Business Overview

Café offers a great in house dining experience, and the size of the kitchen lends the opportunity for significant growth within the catering and delivery market. Just like any restaurant during the pandemic, there was a hit to revenues, but due to the well established name, tradition and history, the restaurant was able to continue operations and increase it’s business nearly 50% from 2020 into 2021! Average revenues over $710,000/yr pre COVID. Revenues shown are 4 year average.


  • Asking Price: $225,000
  • Cash Flow: N/A
  • Gross Revenue: $601,200
  • FF&E: $50,000
  • Inventory: N/A
  • Inventory Included: N/A
  • Established: 1976

Detailed Information

  • Property Owned or Leased:N/A
  • Property Included:N/A
  • Building Square Footage:3,200
  • Lot Size:N/A
  • Total Number of Employees:12
  • Furniture, Fixtures and Equipment:N/A
About The Facility:

Lease is negotiable to new Tenant/Owner. Lease is full service gross including all utilities, CAM costs, RE expenses, etc. Total size of kitchen & dining: 3200 SF All equipment, furniture, and fixtures are included with the sale of the business. Business name, website, phone number, etc. will be part of the sale. Inventory value will be calculated based on whole sale costs at the time of closing. Current owner offering a turn-key business with room to grow.

Is Support & Training Included:

Owner willing to stay on for a transition period.

Purpose For Selling:

Exploring other business interests

Pros and Cons:

The restaurant industry is currently recovering due to the COVID-19 pandemic and now is a great time to purchase an established business knowing it can survive during such difficult times along with increasing revenue trends.

Opportunities and Growth:

Opportunity for growth with extended hours of operation. Increasing its online presence focusing more on deliveries.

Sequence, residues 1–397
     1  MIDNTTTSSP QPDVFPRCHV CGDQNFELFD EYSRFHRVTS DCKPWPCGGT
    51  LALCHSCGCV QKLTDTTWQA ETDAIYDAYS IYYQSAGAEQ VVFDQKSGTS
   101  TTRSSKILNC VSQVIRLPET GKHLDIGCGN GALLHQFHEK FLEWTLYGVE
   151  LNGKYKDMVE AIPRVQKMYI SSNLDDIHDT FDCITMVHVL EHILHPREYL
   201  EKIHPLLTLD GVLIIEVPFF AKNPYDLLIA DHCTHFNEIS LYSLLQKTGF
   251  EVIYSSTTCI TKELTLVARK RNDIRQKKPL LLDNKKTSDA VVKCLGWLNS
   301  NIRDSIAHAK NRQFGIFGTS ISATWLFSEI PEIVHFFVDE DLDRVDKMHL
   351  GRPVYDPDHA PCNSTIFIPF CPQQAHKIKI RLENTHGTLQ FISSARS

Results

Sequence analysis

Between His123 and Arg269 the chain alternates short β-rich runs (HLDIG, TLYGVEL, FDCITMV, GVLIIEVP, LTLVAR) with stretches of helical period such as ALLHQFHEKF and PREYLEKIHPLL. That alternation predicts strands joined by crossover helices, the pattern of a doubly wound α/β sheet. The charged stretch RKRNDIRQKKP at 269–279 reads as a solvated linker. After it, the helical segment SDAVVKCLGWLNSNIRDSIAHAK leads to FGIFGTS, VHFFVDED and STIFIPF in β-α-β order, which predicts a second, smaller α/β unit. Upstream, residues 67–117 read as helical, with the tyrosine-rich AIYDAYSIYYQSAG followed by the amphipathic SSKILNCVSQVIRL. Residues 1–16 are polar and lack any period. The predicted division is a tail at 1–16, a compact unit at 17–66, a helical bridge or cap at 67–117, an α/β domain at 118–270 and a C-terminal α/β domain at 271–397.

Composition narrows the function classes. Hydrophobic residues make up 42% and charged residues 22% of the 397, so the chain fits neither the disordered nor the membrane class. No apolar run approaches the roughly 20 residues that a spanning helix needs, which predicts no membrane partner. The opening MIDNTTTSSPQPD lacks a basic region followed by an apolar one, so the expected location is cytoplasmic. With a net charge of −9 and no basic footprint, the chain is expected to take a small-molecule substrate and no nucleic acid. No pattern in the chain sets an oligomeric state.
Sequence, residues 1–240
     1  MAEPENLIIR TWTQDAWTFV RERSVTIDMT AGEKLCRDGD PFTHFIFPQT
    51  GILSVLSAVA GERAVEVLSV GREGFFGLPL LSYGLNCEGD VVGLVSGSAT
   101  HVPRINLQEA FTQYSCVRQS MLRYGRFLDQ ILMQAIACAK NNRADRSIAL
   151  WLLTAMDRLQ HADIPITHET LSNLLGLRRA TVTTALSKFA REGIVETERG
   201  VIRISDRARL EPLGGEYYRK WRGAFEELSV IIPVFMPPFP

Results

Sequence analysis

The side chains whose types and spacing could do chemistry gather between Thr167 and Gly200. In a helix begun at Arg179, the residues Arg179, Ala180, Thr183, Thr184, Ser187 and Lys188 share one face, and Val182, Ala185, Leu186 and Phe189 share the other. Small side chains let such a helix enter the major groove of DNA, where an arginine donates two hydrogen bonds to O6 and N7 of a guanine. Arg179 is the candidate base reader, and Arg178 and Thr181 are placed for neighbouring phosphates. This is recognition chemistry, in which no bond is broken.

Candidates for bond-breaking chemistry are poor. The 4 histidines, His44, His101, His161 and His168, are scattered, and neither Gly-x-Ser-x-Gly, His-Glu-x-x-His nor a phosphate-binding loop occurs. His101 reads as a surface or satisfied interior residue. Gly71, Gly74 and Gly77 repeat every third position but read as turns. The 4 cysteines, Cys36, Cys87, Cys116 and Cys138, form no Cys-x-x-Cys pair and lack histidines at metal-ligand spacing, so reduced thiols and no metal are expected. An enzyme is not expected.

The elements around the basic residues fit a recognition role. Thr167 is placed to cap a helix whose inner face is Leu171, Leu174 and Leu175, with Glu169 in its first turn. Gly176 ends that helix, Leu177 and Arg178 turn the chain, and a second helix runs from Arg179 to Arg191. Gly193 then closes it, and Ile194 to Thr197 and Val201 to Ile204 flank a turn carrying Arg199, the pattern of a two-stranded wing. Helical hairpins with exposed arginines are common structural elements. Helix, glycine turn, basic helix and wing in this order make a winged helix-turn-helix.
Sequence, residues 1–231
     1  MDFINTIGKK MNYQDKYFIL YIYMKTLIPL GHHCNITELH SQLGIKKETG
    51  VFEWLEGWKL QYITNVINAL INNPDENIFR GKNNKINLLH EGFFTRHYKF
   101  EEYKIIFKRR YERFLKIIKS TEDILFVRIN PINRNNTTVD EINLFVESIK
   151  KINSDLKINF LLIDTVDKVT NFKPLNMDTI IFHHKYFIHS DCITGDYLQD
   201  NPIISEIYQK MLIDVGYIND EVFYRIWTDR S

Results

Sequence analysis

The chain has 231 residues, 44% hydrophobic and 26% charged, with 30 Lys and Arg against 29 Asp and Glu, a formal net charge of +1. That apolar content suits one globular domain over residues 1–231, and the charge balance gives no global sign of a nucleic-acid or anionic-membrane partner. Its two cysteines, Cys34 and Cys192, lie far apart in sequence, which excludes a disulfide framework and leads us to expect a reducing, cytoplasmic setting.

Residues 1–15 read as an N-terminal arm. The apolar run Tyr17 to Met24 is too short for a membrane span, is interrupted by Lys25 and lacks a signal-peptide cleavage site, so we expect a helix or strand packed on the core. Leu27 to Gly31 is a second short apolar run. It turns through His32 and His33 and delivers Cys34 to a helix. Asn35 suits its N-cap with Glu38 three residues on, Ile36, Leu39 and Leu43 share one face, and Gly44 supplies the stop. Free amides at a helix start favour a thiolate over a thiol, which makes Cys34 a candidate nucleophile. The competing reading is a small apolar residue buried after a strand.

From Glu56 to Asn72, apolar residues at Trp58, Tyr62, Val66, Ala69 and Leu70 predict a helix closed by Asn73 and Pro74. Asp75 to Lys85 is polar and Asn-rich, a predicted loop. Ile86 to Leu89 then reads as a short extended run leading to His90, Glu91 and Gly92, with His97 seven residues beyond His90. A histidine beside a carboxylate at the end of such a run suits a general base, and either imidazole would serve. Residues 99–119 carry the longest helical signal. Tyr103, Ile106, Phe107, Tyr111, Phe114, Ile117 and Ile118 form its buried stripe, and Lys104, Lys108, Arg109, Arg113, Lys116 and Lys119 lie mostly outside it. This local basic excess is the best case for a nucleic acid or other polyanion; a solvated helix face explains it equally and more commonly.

Additional Info

The venture was started in 1976, making the business 46 years old.

The company has 12 employees and resides in a building with approx. square footage of 3,200 sq ft.
The property is leased by the company for $0.00

Why is the Current Owner Selling The Business?

There are all types of reasons why individuals decide to sell businesses. However, the true factor and the one they tell you may be 2 completely different things. As an example, they may say "I have too many various responsibilities" or "I am retiring". For many sellers, these reasons are valid. But, for some, these may just be reasons to attempt to conceal the reality of changing demographics, increased competition, current decrease in revenues, or a variety of various other factors. This is why it is really crucial that you not depend completely on a seller's word, however rather, utilize the vendor's solution along with your total due diligence. This will repaint a more reasonable image of the business's present scenario.

Existing Debts and Future Obligations

If the current business is in debt, which numerous businesses are, then you will certainly have reason to consider this when valuating/preparing your offer. Numerous companies borrow money with the purpose of covering things such as inventory, payroll, accounts payable, and so on. Keep in mind that in some cases this can indicate that profit margins are too thin. Numerous businesses fall under a revolving door of taking loans as a way to pay back other loans. Along with debts, there may also be future commitments to consider. There might be an outstanding lease on tools or the building where the business resides. The business may have existing agreements with vendors that should be met or might result in penalties if canceled early.

Understanding the Customer Base, Competition and Area Demographics

How do operating businesses in the location bring in new consumers? Many times, companies have repeat consumers, which create the core of their daily earnings. Particular aspects such as brand-new competitors sprouting up around the area, road construction, and employee turn over can influence repeat customers and also negatively affect future incomes. One vital point to think about is the placement of the business. Is it in an extremely trafficked shopping center, or is it concealed from the main road? Clearly, the more people that see the business on a regular basis, the better the chance to build a returning consumer base. A last idea is the basic location demographics. Is the business placed in a densely inhabited city, or is it situated on the outside border of town? Exactly how might the regional average home earnings effect future income potential?